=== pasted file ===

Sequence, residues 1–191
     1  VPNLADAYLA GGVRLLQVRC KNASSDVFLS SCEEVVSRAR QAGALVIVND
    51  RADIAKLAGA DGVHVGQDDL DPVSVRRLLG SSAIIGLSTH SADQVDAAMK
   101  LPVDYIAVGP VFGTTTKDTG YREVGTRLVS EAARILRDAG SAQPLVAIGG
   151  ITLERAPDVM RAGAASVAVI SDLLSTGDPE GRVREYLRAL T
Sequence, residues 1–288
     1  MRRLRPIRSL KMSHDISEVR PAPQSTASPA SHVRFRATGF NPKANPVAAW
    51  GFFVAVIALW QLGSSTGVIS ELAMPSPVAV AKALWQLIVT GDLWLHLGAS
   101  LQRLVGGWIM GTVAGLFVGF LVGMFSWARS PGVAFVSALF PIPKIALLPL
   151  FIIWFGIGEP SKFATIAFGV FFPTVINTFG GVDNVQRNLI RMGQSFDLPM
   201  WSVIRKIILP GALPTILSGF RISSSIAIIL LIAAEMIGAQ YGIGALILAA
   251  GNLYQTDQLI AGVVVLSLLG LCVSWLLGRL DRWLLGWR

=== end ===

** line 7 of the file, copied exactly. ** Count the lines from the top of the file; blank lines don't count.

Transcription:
     1  MRRLRPIRSL KMSHDISEVR PAPQSTASPA SHVRFRATGF NPKANPVAAW